Procedure - Inverse variation

When the ratio of one quantity to the reciprocal of the other quantity is constant, the two quantities are in inverse variation.

Number of men (N) 1 2 3 6 8
Number of days (D) 48 24 16 8 6
\(\begin{align}N\over D \end{align}\) \(\begin{align}{1\over{1\over48}}=48\end{align}\) \(\begin{align}{2\over{1\over24}}=48\end{align}\) \(\begin{align}{3\over{1\over16}}=48\end{align}\) \(\begin{align}{6\over{1\over8}}=48\end{align}\) \(\begin{align}{8\over{1\over6}}=48\end{align}\)

As you can observe with the increase in the number of men, the number of days required to complete the work decreases. The ratio of the number of men and the reciprocal of the number of days is constant.

We can see that \(\begin{align}1:{1\over48}=48, \;2:{1\over24}=48, \;3:{1\over16}\end{align}\)

This is written as \(\begin{align}N ∝ {1\over D},\end{align}\) read as “N is inversely proportional to D” or “N varies inversely as D

When two quantities, \(a\) and \(b,\) are inversely proportional, we can say that \(\begin{align}a ∝ {1\over b} \text { and } b ∝ {1\over a}∝ 1 \end{align}\)

More the number of men, the lesser the number of days required to finish the work.

Constant of proportionality

Time of travel (T) (Hr) 1 2 3 4 5
Distance covered (D) (Km) 50 100 150 200 250
\(\begin{align}{D\over T}{(Km/hr)} \end{align}\) 50 50 50 50 50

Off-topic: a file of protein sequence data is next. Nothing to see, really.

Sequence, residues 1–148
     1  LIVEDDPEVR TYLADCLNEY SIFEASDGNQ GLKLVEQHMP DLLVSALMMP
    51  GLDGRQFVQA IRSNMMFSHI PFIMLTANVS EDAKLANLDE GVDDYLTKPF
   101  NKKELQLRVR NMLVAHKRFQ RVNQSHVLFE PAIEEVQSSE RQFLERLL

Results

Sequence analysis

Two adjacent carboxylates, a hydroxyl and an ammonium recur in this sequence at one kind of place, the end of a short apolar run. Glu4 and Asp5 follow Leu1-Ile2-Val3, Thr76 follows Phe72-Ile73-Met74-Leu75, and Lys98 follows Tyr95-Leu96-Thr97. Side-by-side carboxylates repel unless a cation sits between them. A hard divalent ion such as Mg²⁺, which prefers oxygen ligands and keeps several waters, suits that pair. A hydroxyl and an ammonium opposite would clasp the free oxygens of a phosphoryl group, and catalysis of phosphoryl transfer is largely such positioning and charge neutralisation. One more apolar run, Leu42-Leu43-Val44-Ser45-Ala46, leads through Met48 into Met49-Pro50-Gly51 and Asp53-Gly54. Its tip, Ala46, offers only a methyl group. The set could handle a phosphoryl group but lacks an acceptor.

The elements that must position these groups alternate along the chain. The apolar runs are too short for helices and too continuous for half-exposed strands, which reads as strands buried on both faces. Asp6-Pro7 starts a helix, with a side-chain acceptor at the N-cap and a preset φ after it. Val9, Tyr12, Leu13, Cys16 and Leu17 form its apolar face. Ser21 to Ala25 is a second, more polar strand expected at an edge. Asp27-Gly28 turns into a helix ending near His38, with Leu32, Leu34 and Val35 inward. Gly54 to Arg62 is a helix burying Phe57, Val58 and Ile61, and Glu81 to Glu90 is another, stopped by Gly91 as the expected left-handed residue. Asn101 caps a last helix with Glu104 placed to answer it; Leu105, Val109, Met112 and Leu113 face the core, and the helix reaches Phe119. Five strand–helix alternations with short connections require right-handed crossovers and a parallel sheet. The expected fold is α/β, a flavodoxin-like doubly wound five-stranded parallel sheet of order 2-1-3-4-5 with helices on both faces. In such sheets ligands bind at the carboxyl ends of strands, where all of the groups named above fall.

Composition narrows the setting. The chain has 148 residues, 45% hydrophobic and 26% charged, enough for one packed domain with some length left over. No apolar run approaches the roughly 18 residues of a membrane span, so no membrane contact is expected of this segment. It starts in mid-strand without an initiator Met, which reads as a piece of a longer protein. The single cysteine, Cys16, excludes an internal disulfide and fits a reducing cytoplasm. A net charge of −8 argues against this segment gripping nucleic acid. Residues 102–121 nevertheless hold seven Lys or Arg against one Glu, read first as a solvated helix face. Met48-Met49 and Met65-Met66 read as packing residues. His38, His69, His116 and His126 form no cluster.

As you can see \(D ∝ T,\) \(DT\) is a constant and its value is called the ‘constant of proportionality’. In general, when \(a\) varies directly as \(b,\) we write \(\begin{align}{a\over b} = k\;\;(\text{or}) \;\;a= kb \end{align}\), where ‘k’ is called the constant of proportionality

Tips and Tricks

  • Ratios are best thought of as equivalent fractions. Using the trick of finding equivalent fractions is the best way to find equivalent ratios.

    E.g. To get a particular shade of paint the two colours need to be mixed in the ratio \(3:4.\) If I have 5 litres of the first paint, how much of the second will I need?

    Here we have to find a fraction equivalent to \(\begin{align} 3\over4 \end{align}\) but with numerator 5.

    One way to do this… multiply by 10 and then divide by 6.

    \(\begin{align} {3\over 4} = {30 \over 40} = {5\over 6.67} \end{align}\)

    So I’ll need 6.67 litres of the second paint.

     
  • Proportions can be direct or indirect. A trick is to always think of the situation from real life and determine whether we are dealing with direct or inverse proportions.

    E.g. 10 people finish a task in a certain amount of time. How much time will it take 20 people?

    At first glance, seeing 10 becoming double raises the temptation of doubling the time. But if you think of the situation, you’ll recognise that more people will get the same work done is a shorter amount of time. So this is a case of inverse variation.

    Build your intuition this way so that you follow the correct procedure.

Test your knowledge 

Q1. Answer the following questions 

  • In a class, the ratio of the number of boys to the number of girls is \(3 : 4.\) If the class has 24 boys, what is the number of girls? 
  • The ages of Moni and Nivi are in the ratio \(2 : 3.\) Ten years from now, their ages will be in the ratio \(4 : 5.\) What are their present ages?
  • In a bus, the ratio of seats allotted to men and women are in the ratio \(7 : 5.\) If the bus has 60 seats, how many women can sit on the bus?
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Ratio, Proportion, and Variation
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Ratio and Variation